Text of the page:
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The extraordinary social history of Rickwood Field becomes the story of baseball itself, gloriously evoked for the centennial of America’s oldest ballpark.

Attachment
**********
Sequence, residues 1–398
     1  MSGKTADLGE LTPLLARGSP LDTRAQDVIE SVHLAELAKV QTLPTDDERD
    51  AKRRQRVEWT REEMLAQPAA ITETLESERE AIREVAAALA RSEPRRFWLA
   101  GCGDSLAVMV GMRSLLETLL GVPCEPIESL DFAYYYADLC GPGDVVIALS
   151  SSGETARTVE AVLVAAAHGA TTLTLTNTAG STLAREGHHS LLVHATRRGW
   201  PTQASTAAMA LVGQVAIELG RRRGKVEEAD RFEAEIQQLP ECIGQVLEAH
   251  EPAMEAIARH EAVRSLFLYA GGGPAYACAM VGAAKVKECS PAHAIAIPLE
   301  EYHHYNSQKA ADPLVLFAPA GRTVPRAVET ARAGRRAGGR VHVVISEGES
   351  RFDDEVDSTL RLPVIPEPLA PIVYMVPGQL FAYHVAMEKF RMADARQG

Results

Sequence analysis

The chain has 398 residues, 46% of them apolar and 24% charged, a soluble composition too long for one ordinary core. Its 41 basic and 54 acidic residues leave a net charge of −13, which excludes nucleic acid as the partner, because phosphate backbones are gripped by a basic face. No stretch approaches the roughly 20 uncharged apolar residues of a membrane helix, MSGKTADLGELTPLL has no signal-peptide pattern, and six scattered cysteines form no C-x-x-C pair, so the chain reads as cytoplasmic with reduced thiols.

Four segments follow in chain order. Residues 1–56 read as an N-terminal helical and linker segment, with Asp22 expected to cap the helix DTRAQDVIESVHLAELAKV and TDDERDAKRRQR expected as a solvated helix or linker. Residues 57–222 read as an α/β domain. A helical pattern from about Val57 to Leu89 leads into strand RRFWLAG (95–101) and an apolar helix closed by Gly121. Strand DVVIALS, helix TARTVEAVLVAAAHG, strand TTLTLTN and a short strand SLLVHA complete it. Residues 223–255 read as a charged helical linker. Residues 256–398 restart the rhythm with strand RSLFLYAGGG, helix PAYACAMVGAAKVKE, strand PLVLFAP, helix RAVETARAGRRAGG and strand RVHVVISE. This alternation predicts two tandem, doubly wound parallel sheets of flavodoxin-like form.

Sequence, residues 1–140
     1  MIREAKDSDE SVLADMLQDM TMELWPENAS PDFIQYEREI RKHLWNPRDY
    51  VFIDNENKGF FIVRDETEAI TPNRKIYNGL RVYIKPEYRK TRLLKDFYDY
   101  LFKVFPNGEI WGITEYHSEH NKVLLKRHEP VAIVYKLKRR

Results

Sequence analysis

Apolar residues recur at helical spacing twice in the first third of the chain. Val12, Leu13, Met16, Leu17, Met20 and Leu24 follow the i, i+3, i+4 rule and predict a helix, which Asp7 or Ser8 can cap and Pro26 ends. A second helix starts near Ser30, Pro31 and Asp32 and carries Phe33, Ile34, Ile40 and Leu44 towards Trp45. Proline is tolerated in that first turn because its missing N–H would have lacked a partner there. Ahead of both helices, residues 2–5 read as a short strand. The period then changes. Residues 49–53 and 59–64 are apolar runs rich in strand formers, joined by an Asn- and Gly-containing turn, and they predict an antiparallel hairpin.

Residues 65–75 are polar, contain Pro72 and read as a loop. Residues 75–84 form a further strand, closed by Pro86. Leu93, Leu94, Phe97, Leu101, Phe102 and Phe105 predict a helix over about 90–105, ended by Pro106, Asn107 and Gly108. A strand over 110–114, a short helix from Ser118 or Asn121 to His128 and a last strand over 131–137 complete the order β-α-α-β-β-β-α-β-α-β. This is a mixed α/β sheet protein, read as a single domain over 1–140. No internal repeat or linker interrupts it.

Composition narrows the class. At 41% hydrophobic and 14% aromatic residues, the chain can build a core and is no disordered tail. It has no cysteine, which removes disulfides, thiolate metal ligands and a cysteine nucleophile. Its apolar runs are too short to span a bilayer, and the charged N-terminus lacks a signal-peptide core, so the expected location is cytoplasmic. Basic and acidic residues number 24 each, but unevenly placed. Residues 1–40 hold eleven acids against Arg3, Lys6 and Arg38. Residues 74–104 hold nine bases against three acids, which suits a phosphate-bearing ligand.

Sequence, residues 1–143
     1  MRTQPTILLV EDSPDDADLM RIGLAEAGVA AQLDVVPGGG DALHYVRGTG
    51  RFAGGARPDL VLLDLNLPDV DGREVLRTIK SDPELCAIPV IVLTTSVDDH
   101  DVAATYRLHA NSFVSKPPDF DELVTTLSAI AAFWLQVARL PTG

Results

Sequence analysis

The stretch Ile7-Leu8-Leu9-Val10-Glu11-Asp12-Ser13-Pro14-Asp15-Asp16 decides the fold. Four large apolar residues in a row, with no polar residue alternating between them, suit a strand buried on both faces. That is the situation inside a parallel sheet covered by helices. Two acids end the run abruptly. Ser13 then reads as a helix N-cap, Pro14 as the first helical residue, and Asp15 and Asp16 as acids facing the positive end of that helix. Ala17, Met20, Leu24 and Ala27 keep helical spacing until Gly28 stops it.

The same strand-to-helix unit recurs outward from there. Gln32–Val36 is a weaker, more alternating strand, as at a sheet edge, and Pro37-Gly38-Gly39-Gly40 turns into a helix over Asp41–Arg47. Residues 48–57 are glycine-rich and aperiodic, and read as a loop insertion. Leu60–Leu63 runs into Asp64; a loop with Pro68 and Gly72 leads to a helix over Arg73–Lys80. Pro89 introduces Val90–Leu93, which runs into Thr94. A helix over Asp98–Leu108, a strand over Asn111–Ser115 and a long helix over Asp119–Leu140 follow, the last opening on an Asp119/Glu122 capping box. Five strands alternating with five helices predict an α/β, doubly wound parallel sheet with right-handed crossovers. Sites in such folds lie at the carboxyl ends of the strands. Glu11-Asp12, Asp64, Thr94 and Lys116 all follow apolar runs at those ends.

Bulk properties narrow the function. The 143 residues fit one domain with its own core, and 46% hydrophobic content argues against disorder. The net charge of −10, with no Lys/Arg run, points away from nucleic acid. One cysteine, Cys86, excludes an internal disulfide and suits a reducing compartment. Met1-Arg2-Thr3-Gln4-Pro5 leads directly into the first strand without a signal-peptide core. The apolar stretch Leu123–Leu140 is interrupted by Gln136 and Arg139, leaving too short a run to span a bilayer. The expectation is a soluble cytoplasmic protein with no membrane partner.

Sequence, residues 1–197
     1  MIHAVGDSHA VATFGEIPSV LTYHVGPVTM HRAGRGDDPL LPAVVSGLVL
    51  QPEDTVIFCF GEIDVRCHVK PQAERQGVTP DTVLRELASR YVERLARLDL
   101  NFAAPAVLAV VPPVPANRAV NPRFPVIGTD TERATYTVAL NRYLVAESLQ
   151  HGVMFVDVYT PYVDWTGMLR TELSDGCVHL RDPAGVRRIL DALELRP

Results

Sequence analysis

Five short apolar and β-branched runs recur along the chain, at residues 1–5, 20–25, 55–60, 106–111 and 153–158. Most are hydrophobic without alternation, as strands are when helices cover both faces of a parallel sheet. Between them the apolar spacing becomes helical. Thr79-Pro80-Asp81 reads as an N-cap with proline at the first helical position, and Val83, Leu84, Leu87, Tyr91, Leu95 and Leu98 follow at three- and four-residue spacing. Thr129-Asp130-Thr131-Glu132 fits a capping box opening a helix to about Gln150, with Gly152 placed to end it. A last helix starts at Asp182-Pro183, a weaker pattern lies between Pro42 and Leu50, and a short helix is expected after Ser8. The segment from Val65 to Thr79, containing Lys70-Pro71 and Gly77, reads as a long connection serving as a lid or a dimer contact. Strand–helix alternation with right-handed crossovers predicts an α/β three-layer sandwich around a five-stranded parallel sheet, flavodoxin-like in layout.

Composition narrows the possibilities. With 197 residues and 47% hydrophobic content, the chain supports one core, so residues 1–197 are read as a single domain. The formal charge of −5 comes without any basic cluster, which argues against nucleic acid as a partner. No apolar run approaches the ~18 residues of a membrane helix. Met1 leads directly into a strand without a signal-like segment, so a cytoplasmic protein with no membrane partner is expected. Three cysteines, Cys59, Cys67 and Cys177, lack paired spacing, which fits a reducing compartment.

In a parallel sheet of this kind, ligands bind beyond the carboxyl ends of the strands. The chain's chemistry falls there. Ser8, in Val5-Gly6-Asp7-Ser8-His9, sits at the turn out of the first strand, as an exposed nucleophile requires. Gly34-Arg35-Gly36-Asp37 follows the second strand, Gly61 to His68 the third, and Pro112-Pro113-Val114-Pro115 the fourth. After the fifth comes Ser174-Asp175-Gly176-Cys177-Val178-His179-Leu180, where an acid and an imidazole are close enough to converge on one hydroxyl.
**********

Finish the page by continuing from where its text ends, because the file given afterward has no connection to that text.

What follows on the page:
While America has changed dramatically over the last hundred years, Rickwood Field, the pride of Birmingham, Alabama, has remained fixed in time. Best-selling baseball writer Allen Barra journeyed to his native Alabama to capture the glories of a century of baseball lore. In chronicling the history of Rickwood Field, where the manually operated scoreboard still uses numbers painted on metal sheets, Barra also tells of segregated baseball, the vaunted Negro Leagues, and captures the ghosts of the players themselves, including Ty Cobb, Babe Ruth, Satchel Paige, and Willie Mays. Evoking such classics as Shoeless Joe and The Boys of Summer, Barra recalls not only a simpler, bygone era but also a city rife with racial tension and abject poverty, where a tattered ballpark was, and still is, a rare beacon of hope. Indeed, Barra skillfully convinces us that the histories of Rickwood Field, baseball, and the American south are inextricably bound together.

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